A new year of simple pleasures

Sorting through some old photos the other day, I came across this picture of my Oma–my grandmother on my dad’s side– and was struck by it.

I can’t recall ever seeing her with such an expression of joy. And the reason? I think it is the simple pleasure of eating that apple.

That photo brings to mind one of my favorite Italian sayings, which is up on my fridge where I see it every day: Apprezza di piu le piccole cose della vita. A rough translation: Appreciate more the small things in life.

This saying is kind of a guidepost for me, better than any New Years resolution. (I stopped making  resolutions years ago because I didn’t want to keep feeling disappointed in myself.)

At New Year’s Eve, I especially appreciate the small traditions my parents established for celebrating the holiday at home with the family. During the day, my brother, sisters and I cut construction paper into confetti, filling bowls with the colorful squares. In the kitchen, we helped my parents make the festive foods we’d eat for the occasion: onion pie and colorful “Italian” potato salad.  At night, while we listened to music on the radio (WFMT’s “Midnight Special,” the Saturday night folk show that took listener requests on New Year’s Eve) our family played card games or Scrabble and the kids drank ginger-ale (a big treat as we rarely were allowed soda pop) while my parents toasted with Champagne. And at midnight on the East Coast and in Chicago we banged on pots and pans with wooden spoons and threw confetti all over.

After a late-night meal of onion pie, Italian potato salad and knockwurst (how the heck did we sleep after that?), we children tumbled into bed while my parents washed the dishes and swept up the confetti.

As an adult I still follow most of these traditions–though I leave the confetti on the floor to enjoy the next day. Time enough to sweep it up later.

About that Italian potato salad: It really isn’t Italian. It’s a variation of the classic warm German potato salad with  vinaigrette dressing (no mayo!), but the warm potatoes soak up the beet juice, turning them a wonderful shade of deep pink blush, and the rings of chopped pickled beets, white onion, pickles, and hard-boiled egg white and yolk turn an ordinary potato salad into a party! I think the “Italian” in the name must be a reference to Italy’s colors of red, white and green in the salad’s decorative circles.

I’ll post the original recipe below…but lately I do a few things differently: I cut the recipe approximately in half and I skip adding herring to the salad and just serve it on the side for those who like it. It’s fine without it and I don’t put herring juice in the dressing either, adding a little more vinegar and oil in place of it. (Vegans also could also eliminate the eggs and just find a colorful substitute for the topping–chopped carrots? lemon rind?)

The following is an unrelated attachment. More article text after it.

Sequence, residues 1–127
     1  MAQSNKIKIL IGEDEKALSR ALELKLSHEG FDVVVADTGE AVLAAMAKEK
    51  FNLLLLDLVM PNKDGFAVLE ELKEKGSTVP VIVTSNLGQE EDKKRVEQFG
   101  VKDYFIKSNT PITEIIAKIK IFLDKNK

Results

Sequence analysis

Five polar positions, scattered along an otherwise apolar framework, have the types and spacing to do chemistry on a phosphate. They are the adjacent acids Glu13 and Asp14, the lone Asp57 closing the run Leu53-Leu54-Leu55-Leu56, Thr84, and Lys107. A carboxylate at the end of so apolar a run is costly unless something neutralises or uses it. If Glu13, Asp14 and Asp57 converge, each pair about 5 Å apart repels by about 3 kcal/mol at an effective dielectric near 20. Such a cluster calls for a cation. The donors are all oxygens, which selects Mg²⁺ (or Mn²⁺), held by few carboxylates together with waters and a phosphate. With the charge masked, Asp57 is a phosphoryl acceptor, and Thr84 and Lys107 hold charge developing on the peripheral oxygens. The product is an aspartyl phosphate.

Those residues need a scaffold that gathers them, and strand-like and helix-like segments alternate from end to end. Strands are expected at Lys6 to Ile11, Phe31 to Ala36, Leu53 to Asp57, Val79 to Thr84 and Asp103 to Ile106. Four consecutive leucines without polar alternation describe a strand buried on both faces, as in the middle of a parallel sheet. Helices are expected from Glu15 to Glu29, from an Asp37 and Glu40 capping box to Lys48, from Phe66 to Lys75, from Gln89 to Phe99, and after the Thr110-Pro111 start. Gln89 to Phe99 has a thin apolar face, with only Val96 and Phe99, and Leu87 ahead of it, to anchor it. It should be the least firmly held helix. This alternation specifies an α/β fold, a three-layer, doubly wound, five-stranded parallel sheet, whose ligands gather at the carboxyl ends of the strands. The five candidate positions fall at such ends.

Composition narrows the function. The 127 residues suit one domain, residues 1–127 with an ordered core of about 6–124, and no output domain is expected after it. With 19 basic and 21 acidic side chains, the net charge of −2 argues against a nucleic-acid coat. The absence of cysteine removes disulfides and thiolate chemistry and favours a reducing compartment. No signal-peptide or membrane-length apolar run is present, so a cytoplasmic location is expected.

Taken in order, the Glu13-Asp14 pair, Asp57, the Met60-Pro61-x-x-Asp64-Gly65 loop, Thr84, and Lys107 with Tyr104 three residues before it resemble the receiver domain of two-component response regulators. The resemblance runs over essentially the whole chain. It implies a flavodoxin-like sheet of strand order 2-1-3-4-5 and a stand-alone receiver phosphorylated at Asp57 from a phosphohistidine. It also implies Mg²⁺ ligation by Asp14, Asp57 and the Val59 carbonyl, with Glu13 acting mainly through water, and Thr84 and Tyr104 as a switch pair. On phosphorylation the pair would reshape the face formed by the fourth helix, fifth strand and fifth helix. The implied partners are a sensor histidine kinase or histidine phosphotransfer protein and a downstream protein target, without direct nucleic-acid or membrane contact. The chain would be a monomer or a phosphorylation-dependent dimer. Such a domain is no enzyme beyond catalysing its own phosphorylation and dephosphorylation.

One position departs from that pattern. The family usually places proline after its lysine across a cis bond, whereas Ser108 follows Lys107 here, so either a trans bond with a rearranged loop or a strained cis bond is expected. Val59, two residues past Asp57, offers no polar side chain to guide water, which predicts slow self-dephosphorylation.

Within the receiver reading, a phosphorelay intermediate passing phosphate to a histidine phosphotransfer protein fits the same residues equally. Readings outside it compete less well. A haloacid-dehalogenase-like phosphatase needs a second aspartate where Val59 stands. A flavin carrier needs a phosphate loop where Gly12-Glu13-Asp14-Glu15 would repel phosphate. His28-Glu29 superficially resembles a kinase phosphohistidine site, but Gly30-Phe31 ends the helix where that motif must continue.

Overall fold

And of course, you could cook (and pickle) your own beets rather than using canned ones, but I never get around to doing that. Also, I don’t eat the knockwurst with it.

“Italian” Potato Salad for New Year’s Eve

  • 5 pounds of red or white potatoes, peeled and boiled until tender, but not soft
  • 1½ large mild white onions
  • ½ of a 6-ounce jar of pickled herring (reserve juice for the dressing)
  • 1 15-ounce can of diced beets (reserve juice for dressing)
  • 6 hard-boiled eggs
  • ½ cup chopped pickles
  • 3 teaspoons salt
  • ¼ teaspoon pepper

Dressing:

  • ¼ cup oil  (olive oil or other)
  • ¼ cup vinegar (white wine vinegar is good)
  • ½ cup water or soup stock
  • juice from the canned beets
  • ½ the juice from the herring
  1. Cut the warm potatoes into chunks and place in a large bowl.  Chop the herring finely, and add to the salad.  Mince the white onion, and reserve ½ cup in a small bowl  Peel the hard-boiled eggs, separate the egg whites from the yolks, and chop each finely, reserving 2 tablespoons of the yolks and ¼ cup of the whites in separate bowls.  Reserve ¼ cup of the pickles, and ¾ cup of the diced beets, each in a separate bowl.
  2. Mix together all the unreserved ingredients (the chopped eggs, pickles, onions, and beets) in the bowl with the potatoes.   Add the salt and pepper.
  3. Whisk together the ingredients for the dressing, and pour over the potato salad.  Mix well, until the ingredients are evenly distributed and the potatoes are uniformly colored pink.
  4. Decorate the salad as follows:  sprinkle a band of diced beets around the outer edge of the salad bowl, then a band of minced white onions, and then a circle of chopped pickles. Next, sprinkle the chopped egg whites in a small circle, and finish with a large dot of egg yolk in the middle.
  5. Serve immediately, or refrigerate until ready to serve.

Wishing you all a very happy 2011!

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4 Comments

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4 responses to “A new year of simple pleasures

  1. Cathy mihalik

    I love the picture of your grandmother. What a great face and simple pleasures always win. I’m not well versed in herring but I love the tradition. New Years Cheers
    Cathy

  2. Jerry Abel

    Oh Toby:
    When I read the photo was of your great grandmother it took me back many-a-year! I can see my great grandma right at the table rolling out pie dough and smiling at me! Thanks to her, I can pull off a pretty good pie dough. You talked about pickled beets. I really like to roast them and then let them soak in olive oil and balsamic vinegar!! Oo, oo, good!!!!!
    Happy New Year!
    Jerry

  3. Rick Steigmeyer

    This post brings back great memories of making onion pie, potato salad, pizza and sausage and green peppers for New Year’s! A real multi-ethnic celebration!

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